B.A. Linguistics - Theoretical Track Degree Requirements

Degree RequirementsCredit Hours
University Core Curriculum 39
College of Liberal Arts Academic Requirements (includes one year of a language) 18
Requirements for Major in Linguistics 33-39
Core Courses: LING 200 or LING 201, LING 300, LING 405, and LING 408 each with a grade of C or better. 12
Theoretical Breadth: At least two of LING 400, LING 402, LING 406, LING 415 and LING 420 plus two additional Theoretical Breadth courses listed above. 12
Electives: 9 credit hours, chosen from any of the 300- or 400-level courses offered with a LING prefix. Six of the 9 credit hours may be taken outside of Linguistics with the approval of the Director of Undergraduate Studies in Linguistics. 9
Foreign Language Requirement (if chosen language is a common, Western language) (0-6)
University Electives 24-30
Total 120

English as a New Language (ENL) Specialization

The Specialization in ENL is the best option for students who wish to work in the field of ESL education after graduation or continue with graduate-level work in ESL or TESOL. This Specialization provides coursework in the structure of the English language and pedagogical methods appropriate for teaching English to speakers of other languages, both adults and children, in ESL, EFL, and bilingual settings.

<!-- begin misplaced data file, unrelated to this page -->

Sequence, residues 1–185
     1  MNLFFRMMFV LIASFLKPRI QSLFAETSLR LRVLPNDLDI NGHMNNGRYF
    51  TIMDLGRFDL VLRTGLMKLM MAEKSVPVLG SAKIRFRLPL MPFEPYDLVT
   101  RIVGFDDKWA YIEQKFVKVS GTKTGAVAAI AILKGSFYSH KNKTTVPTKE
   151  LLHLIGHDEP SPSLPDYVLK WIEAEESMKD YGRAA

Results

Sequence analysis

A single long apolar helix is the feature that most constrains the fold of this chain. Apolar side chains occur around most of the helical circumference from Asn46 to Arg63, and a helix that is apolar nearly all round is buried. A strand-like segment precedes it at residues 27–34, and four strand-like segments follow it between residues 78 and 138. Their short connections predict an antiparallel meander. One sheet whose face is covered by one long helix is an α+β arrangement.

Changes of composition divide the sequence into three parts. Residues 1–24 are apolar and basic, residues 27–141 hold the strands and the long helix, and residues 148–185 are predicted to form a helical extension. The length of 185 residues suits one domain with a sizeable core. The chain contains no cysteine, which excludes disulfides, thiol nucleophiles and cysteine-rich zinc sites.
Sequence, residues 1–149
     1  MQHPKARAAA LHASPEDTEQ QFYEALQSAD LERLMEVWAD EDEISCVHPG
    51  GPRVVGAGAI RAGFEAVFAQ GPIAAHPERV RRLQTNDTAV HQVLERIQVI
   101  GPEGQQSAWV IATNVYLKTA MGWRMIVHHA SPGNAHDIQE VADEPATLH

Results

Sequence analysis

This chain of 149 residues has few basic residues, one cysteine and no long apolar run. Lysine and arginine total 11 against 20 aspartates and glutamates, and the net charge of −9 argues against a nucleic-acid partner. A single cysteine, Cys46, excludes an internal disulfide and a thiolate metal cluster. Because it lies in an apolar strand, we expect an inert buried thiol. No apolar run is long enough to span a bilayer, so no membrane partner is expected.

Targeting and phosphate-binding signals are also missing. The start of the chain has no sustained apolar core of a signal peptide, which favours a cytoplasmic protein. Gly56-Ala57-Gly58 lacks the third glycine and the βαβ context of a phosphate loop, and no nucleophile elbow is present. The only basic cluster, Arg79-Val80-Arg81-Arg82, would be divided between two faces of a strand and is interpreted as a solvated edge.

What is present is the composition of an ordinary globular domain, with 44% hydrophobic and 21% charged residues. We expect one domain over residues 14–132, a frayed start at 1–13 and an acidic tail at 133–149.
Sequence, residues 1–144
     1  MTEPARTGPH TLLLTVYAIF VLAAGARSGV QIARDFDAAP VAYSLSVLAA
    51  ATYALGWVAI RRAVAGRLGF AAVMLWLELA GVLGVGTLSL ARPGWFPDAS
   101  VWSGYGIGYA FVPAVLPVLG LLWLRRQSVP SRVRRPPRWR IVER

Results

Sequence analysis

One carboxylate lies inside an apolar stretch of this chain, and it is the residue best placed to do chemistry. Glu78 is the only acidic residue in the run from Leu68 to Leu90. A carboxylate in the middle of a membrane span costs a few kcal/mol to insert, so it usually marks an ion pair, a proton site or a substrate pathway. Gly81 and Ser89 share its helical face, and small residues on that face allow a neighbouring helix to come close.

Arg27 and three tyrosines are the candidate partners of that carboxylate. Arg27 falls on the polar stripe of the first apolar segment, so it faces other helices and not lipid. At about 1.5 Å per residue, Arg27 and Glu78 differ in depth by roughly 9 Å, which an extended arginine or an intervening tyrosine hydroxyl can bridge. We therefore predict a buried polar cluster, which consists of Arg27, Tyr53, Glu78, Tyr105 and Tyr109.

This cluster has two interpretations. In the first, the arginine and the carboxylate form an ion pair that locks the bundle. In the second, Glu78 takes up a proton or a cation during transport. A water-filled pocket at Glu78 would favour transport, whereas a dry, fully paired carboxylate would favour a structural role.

In addition to the two courses required of all BA Linguistics majors (LING 200 or 201 and LING 300), students pursuing the Specialization in ENL must also take the following courses:

Core Courses (6 credit hours with a grade of C or better):

  • LING 407 Theory, Methods, and Materials of TESOL
  • LING 472 Assessment of ESL and Bilingual Students

Teaching Specialization (12 credit hours):
The ENL Specialization requires that students focus most of their coursework in areas that directly relate to the teaching of English. Students in this Specialization choose four courses from the categories listed below with at least one course focused on Language Skills.
 
Language Skills (3 credit hours):

  • LING 431 Teaching Writing and Grammar in a Second Language
  • LING 485 Teaching Listening and Speaking in a Second Language
  • LING 487 Teaching Reading and Vocabulary in a Second Language

The remaining courses in the Teaching Specialization category can come either from additional Language Skills (above) or from other TESOL Focus courses (below).

TESOL Focus (9 credit hours):

  • LING 341 Introduction to Intercultural Communication
  • LING 415 Sociolinguistics
  • LING 440 Topics in Linguistics (where appropriate)
  • LING 442 Language Planning
  • LING 443 Bilingualism